White-Footed Ant


Actual Size: 2.7 mm

Characteristics: Black to brownish-black with yellow-white tarsi (feet)


  • Does not bite or sting.
  • Attracted to sweet foods and will also feed on dead insects.
  • Have been known to short-circuit air conditioning units.

White-footed ants (WFA) get their common name from their very light-colored feet. Mature colonies can range from 8,000 to 3 million individuals. WFA are found across the southern United States in Florida, Georgia, South Carolina and Louisiana. WFA’s feed on plant nectars and honeydew, which is a sweet substance produced by many sap-sucking insects such as aphids, mealybugs, and scales. These ants are considered by homeowners to be a nuisance pest because they are frequently observed foraging in kitchens, bathrooms, and the exterior of buildings.

White-footed Ant Habitat

RWFA are arboreal ants, commonly found trailing along tree trunks, branches and shrubs. White-footed ants build their nests at or above ground level in numerous locations in and around homes. They will enter structures through any small openings and can be seen trailing heavily on interior and exterior walls of buildings. Nests can be found in trees, bushes, under palm fronds, leaf litter, rain gutter, wall voids and attics. Colonies are large and seem to be interconnected with other WFA nests in the area.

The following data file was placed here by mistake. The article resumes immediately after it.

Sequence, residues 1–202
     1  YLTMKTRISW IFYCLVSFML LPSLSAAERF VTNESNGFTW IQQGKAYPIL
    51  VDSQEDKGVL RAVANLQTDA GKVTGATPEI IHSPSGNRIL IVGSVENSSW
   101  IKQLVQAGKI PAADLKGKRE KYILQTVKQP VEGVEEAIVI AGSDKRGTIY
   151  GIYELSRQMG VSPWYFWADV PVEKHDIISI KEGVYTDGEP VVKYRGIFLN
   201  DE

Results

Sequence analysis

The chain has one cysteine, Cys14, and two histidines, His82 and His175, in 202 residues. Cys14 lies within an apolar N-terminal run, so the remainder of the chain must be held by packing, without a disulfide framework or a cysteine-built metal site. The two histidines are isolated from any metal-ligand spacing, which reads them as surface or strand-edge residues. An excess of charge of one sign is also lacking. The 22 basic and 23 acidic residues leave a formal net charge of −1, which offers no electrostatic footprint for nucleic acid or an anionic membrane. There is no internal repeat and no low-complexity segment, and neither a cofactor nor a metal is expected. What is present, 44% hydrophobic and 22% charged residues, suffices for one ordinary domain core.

White-footed Ant Behaviors, Threats or Dangers

WAFA’s do not bite or sting but can be a significant household pest. Of all structure-infesting ants, the WFA may be the most difficult to control. Due to their high reproductive rates and ability to build multiple connecting nests, WFA’s can become a homeowners’ nightmare. These ants are generally found foraging in kitchens, bathrooms and the exterior of homes. They are attracted to light switches and electrical boxes and may cause them to fail. White-footed ants reproduce at phenomenal rates, and satellite colonies may be established over a wide area as part of one super colony.

White-footed Ant Prevention

To prevent a White-footed ant infestation, trim back tree branches, shrubs and other vegetation that may serve as a highway to your home. Clean up yard debris, wood piles and leaf litter. Seal gaps and caulk any cracks or openings on the exterior of your home. Keep trash in sealed trash bins and clean out regularly. Repair leaky pipes and faucets as these ants are attracted to moisture.